The hoarse, rough verse should like the torrent roar."— Pope. In its unrhymed form it is the stately and solemn blank verse of Shakespeare and Milton, as of Wordsworth and Tennyson; e. g.;

“ Now came still Evening on, and Twilight gray
Had in her sober livery all things clad;
Silence accompanied ; for beast and bird,
They to their grassy couch, these to their nests,
Were slunk, all but the wakeful nightingale;

She all night long her amorous descant sung."-Milton. 160. Four lines of simple regular pentameters rhyming alternately, form the Elegiac Stanza of English poetry; e.g.:

“ Full many a gem of purest ray serene,

The dark unfathom'd caves of ocean bear;
Full many a flow'r is born to blush unseen,

And waste its sweetness on the desert air.”—Gray. 161. Nine lines, the first eight of simple regular pentameters,

* So-called Iambic.

and the ninth a hexameter (or Alexandrine *), form the Spenserian Stanza, first used by Spenser, and more recently by Thomson and Byron. The nine lines contain only three rhymes disposed thus, b, c, b, c c, d, c, d, d; e.g.:

" It fortunéd, out of the thickest wood

A ramping lion rushéd suddenly,
Hunting full greedy after salvage blood;

Soon as the royal virgin he did spy,

With gaping mouth at her ran greedily,
To have at once devour'd her tender cor'se;

But to the prey whenas he drew more nigh,
His bloody rage assuagéd with remorse,
And with the sight amazed, forgot his furious force.”—

Spenser. 162. Fourteen lines of simple regular pentameters (the last sometimes an Alexandrine) form the Italian Stanza or Sonnet, introduced into English poetry, in the 16th century, by Henry Howard, Earl of Surrey, who also was the first to adopt blank verse in English. Great licence is allowed in the order of the rhymes; e.g.:

Surrey uses only two rhymes ; making the sonnet seven couplets.

Spenser uses five rhymes; the first nine lines being a Spenserian Stanza, and the last five corresponding with the last five of the same stanza.

Shakespeare uses seven rhymes, making his sonnet equal to three elegiac stanzas and a couplet; as,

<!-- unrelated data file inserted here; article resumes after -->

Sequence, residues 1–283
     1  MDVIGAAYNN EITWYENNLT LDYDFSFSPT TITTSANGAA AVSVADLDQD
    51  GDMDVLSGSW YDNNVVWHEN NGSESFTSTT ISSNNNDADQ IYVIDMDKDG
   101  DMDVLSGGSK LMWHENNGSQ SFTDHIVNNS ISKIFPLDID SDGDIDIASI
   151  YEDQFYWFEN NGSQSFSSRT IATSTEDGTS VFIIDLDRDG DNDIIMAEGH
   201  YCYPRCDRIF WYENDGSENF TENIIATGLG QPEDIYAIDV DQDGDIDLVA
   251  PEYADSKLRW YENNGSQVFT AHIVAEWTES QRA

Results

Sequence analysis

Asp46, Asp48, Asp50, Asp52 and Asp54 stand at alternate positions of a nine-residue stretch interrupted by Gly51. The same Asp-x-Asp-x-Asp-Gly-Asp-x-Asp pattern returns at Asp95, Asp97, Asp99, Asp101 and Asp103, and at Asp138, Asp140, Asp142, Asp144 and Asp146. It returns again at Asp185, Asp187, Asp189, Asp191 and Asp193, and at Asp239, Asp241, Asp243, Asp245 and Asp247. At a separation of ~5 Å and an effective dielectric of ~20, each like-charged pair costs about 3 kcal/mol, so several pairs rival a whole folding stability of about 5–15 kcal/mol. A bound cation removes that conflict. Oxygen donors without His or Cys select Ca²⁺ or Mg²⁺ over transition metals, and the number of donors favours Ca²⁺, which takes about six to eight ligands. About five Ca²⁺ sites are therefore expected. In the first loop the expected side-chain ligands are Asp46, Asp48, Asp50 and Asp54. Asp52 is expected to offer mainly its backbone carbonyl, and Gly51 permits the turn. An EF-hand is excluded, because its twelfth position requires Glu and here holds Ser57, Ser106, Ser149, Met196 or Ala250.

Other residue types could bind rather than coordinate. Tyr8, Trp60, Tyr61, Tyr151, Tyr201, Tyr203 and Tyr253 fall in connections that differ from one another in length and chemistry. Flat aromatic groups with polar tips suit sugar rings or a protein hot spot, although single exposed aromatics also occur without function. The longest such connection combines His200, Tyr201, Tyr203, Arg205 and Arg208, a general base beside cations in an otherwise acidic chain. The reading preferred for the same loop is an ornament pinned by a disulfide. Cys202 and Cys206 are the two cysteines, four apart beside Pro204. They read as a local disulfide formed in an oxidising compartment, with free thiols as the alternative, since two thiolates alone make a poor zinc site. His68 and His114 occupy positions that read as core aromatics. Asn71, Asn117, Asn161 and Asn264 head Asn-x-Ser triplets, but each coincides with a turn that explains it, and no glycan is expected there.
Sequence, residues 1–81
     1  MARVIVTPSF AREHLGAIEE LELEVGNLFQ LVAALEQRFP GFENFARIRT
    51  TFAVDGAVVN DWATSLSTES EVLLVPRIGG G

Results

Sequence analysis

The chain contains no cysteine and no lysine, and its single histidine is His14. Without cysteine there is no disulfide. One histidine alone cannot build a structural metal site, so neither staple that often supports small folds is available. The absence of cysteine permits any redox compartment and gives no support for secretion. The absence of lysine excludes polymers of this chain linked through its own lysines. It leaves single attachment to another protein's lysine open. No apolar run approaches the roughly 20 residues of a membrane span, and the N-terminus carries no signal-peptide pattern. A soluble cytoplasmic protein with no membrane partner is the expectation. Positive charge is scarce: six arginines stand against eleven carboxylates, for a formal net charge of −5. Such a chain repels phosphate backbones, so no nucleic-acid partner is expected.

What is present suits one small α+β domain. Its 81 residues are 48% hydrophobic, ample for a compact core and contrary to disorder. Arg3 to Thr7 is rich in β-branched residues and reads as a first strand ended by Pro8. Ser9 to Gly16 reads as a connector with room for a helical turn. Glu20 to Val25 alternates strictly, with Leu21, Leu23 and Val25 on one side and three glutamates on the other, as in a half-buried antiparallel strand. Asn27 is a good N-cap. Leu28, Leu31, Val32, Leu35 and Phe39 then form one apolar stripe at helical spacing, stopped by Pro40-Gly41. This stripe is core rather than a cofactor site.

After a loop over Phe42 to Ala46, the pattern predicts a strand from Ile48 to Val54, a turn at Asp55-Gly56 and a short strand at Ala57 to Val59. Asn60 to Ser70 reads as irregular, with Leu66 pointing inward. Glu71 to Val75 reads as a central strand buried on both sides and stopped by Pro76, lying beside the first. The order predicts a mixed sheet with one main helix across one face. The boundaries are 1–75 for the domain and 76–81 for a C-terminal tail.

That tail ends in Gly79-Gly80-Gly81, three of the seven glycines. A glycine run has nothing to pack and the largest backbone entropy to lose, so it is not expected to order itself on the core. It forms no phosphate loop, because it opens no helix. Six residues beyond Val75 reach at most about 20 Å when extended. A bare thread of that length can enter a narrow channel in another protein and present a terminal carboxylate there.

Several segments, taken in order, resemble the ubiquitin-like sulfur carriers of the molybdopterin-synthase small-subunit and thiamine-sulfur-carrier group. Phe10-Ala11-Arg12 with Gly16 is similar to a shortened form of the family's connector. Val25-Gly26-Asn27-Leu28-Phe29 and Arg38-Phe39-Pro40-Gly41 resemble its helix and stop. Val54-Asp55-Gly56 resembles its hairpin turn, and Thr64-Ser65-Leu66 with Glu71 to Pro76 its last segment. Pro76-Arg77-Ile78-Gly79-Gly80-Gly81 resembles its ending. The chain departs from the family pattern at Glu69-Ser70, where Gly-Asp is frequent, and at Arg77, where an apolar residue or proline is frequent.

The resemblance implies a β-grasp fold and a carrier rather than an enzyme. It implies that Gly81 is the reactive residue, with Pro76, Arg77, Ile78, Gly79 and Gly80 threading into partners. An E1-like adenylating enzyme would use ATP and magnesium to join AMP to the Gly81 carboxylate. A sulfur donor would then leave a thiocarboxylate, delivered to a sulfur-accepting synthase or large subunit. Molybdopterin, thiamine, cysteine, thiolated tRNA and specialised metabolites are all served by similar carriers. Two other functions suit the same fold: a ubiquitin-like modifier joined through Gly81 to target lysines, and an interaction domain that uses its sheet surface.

bc bc de de fgfg | hh Wordsworth uses three rhymes, of which one runs throughout the whole sonnet thus :

• Weak is the will of man, his judgment blind,

Remembrance persecutes, and hope betrays;
Heavy is woe, and joy for humankind

A mournful thing, so transient is the blaze!
Thus might he paint our lot of mortal days,
Who wants the glorious faculty assigned
To elevate the more than reasoning mind,

And colour life's dark cloud with orient rays.

* So called from a twelfth century romance in that measure, called the “ Alexandreis."


Imagination is that sacred power,
Imagination lofty and refined;

'Tis hers to pluck the amaranthine flower
Of faith, and round the sufferer's temple bind

Wreaths that endure affliction's heaviest shower,
And do not shrink from sorrow's keenest wind."-

Wordsworth. 163. The Simple Regular Tetrameter, is the Romantic Measure of English poetry. In it wrote Wace, Barbour, Wyntoun, Harry the Minstrel, and many other of our old Chroniclers and Romancists, and it was revived in modern poetry by Sir Walter Scott. Though not equal in dignity to the Pentameter, it has been employed in almost every kind of poetical composition, except the very highest.

164. Rhyme is almost invariably employed in this measure, the line being too short to admit of the stateliness indispensable to the rhythm of blank verse. Its original form was that of rhymed couplets; e.g.

“Ah, Freedom is a noble thing!

Freedom makes men to have liking;
Freedom all solace to men gives ;
He lives at ease that freely lives.
A noble heart may have none ease,
Na elsé nought that may him please,
If freedom faileth ; for free liking

Is yearnéd oure all other thing."-Barbour. 165. To get rid of the monotony which a continuous flow of such couplets produces, Dunbar (see “Dance of the Seven Deadly Sins ") had recourse to a stanza consisting of four such couplets, each followed by a Trimeter in the same measure, the four Tetrameters having the same rhyme. Scott, in his poetical romances, adopts the same principle, but uses it with less regularity, frequently making the four and three feet lines alternate, e. g.:

“He was a man of middle age ;
In aspect manly, grave, and sage,

As on king's errand come;
But, in the glances of his eye,
A penetrating, keen, and sly

Expression found its home;